Back in 2007 Rafe Champion and I started the History of Australian and New Zealand Thought as a blog because we thought that this was an important topic not properly covered by other blogs. Since then, the blog has struggled because we are just so busy.
I first really became interested in the history of thought back when I was a PhD student at the University of New England. Much history is involved with things like activities, events, trends, what happened and why. My research involved me in trying to understand what people thought.
While I was in Armidale, Professor Eugene Kamenka (1928–1994) came to deliver a seminar. Professor Kamenka was then Professor and the Head of the History of Ideas Unit at the Institute of Advanced Studies of the Australian National University.
Some of his ideas were too far outside the interests of his audience, but I found him fascinating and got heavily involved in discussion. One consequence was that I got invited to lunch and so had the opportunity to continue the dialogue.
Back in 2007 I started a series of posts on the History of Australian and New Zealand Thought blog on the history of New England thought. The series lagged, but I hadn’t forgotten it.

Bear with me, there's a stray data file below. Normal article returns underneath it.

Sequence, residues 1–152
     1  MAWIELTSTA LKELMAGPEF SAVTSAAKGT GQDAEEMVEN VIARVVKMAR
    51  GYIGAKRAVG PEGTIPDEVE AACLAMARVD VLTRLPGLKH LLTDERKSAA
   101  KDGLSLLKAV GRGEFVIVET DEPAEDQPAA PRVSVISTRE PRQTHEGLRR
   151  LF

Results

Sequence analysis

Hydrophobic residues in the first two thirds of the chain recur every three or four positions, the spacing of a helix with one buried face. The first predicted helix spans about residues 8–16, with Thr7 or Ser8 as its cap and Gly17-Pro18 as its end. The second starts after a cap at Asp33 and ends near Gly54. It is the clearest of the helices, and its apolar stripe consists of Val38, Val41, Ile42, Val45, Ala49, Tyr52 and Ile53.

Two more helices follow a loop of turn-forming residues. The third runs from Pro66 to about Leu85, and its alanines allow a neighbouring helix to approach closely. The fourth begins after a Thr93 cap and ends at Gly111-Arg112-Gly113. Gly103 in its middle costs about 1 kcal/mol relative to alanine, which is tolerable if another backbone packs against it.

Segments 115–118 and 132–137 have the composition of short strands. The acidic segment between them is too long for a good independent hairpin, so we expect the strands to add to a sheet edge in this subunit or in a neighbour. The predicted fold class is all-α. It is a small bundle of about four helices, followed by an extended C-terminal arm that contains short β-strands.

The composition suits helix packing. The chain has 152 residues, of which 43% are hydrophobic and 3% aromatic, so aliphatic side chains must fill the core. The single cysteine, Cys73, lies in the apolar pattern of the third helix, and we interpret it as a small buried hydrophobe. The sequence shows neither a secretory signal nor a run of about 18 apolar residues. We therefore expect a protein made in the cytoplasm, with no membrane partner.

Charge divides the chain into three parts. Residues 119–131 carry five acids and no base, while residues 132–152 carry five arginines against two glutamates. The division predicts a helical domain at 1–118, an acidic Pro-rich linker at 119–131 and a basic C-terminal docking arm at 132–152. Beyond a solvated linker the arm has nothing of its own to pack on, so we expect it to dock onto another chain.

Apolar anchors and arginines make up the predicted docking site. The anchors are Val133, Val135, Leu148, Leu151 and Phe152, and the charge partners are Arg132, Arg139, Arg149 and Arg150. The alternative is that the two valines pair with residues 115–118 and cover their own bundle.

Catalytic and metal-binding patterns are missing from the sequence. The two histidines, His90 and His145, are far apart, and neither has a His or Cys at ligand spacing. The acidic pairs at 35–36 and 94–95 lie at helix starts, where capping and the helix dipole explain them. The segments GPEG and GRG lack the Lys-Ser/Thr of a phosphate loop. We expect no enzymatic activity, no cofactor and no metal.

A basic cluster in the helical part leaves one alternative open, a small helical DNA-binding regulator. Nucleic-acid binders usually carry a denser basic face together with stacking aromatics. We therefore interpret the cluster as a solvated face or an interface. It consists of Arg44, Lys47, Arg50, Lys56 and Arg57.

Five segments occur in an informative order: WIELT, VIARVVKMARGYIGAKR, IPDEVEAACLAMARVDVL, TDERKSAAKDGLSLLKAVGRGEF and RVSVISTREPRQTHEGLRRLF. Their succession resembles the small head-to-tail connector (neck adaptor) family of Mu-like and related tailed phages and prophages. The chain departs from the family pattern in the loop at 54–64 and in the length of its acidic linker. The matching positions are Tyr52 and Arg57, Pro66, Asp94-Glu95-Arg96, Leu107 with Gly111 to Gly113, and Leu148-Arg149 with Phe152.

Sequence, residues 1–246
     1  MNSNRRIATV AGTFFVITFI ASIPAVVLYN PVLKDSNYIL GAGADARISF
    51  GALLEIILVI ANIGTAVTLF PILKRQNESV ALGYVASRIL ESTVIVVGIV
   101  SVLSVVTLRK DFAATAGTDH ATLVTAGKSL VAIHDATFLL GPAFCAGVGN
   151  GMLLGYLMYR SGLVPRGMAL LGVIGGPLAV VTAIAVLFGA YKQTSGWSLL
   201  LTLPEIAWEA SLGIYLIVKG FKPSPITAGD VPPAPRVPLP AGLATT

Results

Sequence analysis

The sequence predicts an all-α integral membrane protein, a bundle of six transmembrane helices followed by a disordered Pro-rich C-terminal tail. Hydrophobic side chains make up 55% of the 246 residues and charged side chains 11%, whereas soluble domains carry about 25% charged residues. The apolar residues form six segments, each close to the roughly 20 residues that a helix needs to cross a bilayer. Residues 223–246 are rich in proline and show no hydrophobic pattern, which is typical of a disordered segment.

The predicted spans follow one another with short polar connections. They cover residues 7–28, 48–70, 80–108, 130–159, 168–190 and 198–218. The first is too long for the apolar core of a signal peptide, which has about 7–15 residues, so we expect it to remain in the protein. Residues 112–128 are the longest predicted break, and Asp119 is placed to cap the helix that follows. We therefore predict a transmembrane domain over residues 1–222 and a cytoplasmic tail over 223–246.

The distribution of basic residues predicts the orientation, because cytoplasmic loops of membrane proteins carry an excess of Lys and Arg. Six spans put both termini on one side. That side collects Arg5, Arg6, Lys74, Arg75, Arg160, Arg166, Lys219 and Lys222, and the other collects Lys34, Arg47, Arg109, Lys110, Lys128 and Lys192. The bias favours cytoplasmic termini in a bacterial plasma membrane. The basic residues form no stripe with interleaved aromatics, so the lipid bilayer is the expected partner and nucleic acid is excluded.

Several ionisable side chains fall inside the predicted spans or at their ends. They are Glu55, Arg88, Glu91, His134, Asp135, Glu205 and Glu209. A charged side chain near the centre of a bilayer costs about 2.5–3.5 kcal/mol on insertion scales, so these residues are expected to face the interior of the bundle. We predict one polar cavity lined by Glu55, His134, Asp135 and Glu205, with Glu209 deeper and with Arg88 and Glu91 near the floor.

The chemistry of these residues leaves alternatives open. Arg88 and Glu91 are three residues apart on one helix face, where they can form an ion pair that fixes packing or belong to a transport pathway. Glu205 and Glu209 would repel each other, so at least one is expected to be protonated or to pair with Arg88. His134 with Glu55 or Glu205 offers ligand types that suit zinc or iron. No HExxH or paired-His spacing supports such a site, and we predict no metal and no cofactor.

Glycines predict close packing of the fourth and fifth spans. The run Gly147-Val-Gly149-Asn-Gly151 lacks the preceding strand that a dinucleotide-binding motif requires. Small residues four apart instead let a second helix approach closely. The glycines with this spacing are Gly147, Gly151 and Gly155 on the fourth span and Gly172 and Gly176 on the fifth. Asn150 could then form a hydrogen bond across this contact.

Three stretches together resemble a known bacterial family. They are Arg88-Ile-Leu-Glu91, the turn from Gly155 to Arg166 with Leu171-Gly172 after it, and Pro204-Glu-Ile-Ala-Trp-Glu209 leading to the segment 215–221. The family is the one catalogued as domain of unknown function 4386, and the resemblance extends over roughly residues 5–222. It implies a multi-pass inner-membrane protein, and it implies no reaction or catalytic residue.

Why New England thought?
Well, there is a fair bit of material around on the history of Australian thought, but little below the national level. That material that is there is very metro focused.
In saying this, I am not saying that the material is not interesting. I am very interested, for example, in the differences between Sydney and Melbourne thought. The two cities are remarkably different, differences that go back to differing history and social structures. Yet those cities and the way they thought are not the only or even the dominant threads in Australian thought.
I have done a fair bit of work since I started the New England thought series in 2007. Some of my ideas have changed. More importantly, I now have just so much more evidence.
Given my new material, I do want to return to the New England thought topic. But do I do it here or on the History of Australian and New Zealand Thought blog?
After thinking about it, I have decided to split the material. I am going to place the very specific material here, with some of the broader material going to the other blog. However, this raises a broader question.
I know that some of my history colleagues do read this blog. Would you be interested in helping Rafe and I re-launch the History of Australian and New Zealand Thought?
You don’t need to be a professional historian. After all, I am not, nor is Rafe. You just need to be as fascinated as us in the way Australians and New Zealanders think.
To really make a go of the blog, we need up to five contributors. That way we can get a constant stream of posts without creating too much individual strain. That way, too, we can get the interaction between authors that really aids the creation of a viable blog.
What do you think? Any volunteers?